Saturday, July 24, 2010

A Tale of Two Posts

Cuban Americans are by and large characterized as crazy intransigents. And truth be told, on occasion we have been known to let our passions get in the way of our public relations. But can anyone who cares about freedom or justice read these, which I picked up at Babalu, and not be driven to anger at the stupidity, or callus insensitivity the world over, particularly among the intelligentsia?

First read Carlos Eire's very clear explanation, courtesy of Ziva, of just what travel to Cuba supports. Then bearing in mind that Che Guevara was a mass murderer who helped impose the same Stalinist system Dr. Eire describes, read the article that forms the basis of the previous post by Fontova. Oh, the horror.

Monday, July 19, 2010

Meanderings: Cropsey and The Eternal Footman

Recently re-established contact with another friend of my youth, another of those who knew me when I was impressive. Inevitably I am reminded that I have done nothing of note with all of the advantages I once had. What I have had is some pretty strange encounters. I once, while minding my own quite boring business and quite by chance, stood across from irate murderers so notorious I won't elaborate. Once in a while I wonder what I would have done had I known what carnage they would create and come to the conclusion the answer is nothing. Don't have it in me.

All of these ruminations occurred because I came across an add for a movie, Cropsey. Sounds like an interesting documentary of sorts: crime story, cultural study of Staten Island, Blair Witch revisited. It struck a chord, because a few weeks before the disappearance of the last little girl, the convicted murderer came into my husband's store and hung around shooting the breeze. I don't remember being afraid of him. I think he was one of the locals. But in light of later events, I am struck by the behavior of my daughter, about three at the time, who spent his entire visit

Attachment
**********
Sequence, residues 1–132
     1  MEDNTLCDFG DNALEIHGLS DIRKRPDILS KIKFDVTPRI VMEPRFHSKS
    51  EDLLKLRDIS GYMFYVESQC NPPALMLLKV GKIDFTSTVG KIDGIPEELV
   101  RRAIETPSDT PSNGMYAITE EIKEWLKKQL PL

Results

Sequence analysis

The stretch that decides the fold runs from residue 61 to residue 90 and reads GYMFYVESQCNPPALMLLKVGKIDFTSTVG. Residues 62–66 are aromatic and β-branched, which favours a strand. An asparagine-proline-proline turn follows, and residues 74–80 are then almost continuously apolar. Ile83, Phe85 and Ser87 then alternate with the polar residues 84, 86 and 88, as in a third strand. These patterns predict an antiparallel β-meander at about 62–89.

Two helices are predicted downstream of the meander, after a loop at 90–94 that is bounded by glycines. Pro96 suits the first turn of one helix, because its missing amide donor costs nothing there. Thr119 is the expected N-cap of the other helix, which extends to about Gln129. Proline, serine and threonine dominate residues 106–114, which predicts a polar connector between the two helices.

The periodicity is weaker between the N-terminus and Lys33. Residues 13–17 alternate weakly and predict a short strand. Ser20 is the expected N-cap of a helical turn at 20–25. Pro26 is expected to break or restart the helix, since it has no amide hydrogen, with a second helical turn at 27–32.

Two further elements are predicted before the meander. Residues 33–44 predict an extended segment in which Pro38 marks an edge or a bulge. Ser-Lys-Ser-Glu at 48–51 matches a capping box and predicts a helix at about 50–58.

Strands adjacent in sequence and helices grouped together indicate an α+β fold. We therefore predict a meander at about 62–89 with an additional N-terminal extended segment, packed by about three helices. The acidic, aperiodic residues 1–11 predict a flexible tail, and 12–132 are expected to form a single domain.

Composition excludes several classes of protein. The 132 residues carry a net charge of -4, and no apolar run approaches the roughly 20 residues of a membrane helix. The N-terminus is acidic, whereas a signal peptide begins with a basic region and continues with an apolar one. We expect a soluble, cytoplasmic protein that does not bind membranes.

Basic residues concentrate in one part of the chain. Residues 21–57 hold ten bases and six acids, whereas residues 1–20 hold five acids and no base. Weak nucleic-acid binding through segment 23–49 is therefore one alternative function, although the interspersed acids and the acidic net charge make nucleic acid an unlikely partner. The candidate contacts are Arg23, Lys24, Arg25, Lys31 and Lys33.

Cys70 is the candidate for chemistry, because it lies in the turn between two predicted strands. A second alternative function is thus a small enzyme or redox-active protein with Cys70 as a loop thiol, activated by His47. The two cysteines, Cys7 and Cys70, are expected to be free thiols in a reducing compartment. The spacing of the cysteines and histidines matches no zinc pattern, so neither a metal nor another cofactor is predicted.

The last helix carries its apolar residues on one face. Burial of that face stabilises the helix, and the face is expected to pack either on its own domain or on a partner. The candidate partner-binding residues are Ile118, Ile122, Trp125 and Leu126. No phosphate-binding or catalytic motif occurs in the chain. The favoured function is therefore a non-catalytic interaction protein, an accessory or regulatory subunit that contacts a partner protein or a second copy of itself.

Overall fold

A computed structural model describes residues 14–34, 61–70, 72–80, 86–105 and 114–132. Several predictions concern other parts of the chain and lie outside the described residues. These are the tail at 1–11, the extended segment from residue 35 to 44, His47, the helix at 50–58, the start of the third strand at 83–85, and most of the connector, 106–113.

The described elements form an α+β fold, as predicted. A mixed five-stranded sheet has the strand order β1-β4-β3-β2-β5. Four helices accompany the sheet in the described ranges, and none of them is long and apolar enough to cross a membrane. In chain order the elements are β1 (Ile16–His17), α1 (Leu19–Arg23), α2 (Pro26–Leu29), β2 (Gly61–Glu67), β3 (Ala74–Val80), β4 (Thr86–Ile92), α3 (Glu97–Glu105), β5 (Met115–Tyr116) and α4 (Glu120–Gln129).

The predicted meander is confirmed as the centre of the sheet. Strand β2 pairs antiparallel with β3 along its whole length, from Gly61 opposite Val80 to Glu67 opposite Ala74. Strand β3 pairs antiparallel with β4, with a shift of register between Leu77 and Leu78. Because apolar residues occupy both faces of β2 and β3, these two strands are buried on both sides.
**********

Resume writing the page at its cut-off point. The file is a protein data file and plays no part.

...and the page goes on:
affixed to my right kneecap. Strange, life.

Thursday, July 8, 2010

A Little to the Right, Please

Judging by the media coverage of the proposed release of 50 political prisoners in Cuba, it would seem that the entire island has been liberated. Even Foxnews is running a banner indicating that with the promised release- more aptly described as the forced expulsion- of the 50, there remain only 100 political prisoners in Cuba. So while Spain, the Church, and the MSM celebrate the benificence of the regime, they forget about all of those incarcerated on other grounds but for political reasons, on charges like those of buying black market paint, etc... Darsi Ferrer, anyone? Extending the idea, the hoopla obscures the fact that exclusive of party apparatchiks, true believers, foreign government functionaries, western enablers, oh, tourists, expatriates, Eurotrash, anyone living in Cuba is in essence a political prisoner.

What this media ploy demonstrates is the only genius of the ruling military junta in Havana. They have murdered and pillaged, oppressed a people and mismanaged an economy, dragged a nation backwards into the third world, into the Stalinist era. They are surrounded by the desolation they have created, but, hey, they have a diabolical knack for propaganda. For decades it is they who have framed the discussion. This ostensibly humanitarian gesture has seemingly blinded the world community to the continued repression of half a century. And Cuban Americans, as usual, are left looking like... like, well, hardliners.

Let me explain my perspective: suppose a mugger is kneeling on the chest of his victim, applying just enough pressure, not enough to completely kill the unfortunate, but enough to make it near impossible to breathe. In comes Spain and the Church ( Picture it like a morality play) who after much cajoling and pleading succeed in convincing the aforementioned mugger to shift a little to the right allowing the victim just a bit more oxygen. Am I supposed to celebrate?

True, I am gladdened that the victim is afforded a bit more freedom. In this sense, I wholeheartedly rejoice that the beaten and tortured will no longer be beaten and tortured, just forced into permanent exile from their mother country for the crime of having an opinion. But I will not bang cymbals and jump up and down in ecstasy until the criminal is gone and victim is at last freed.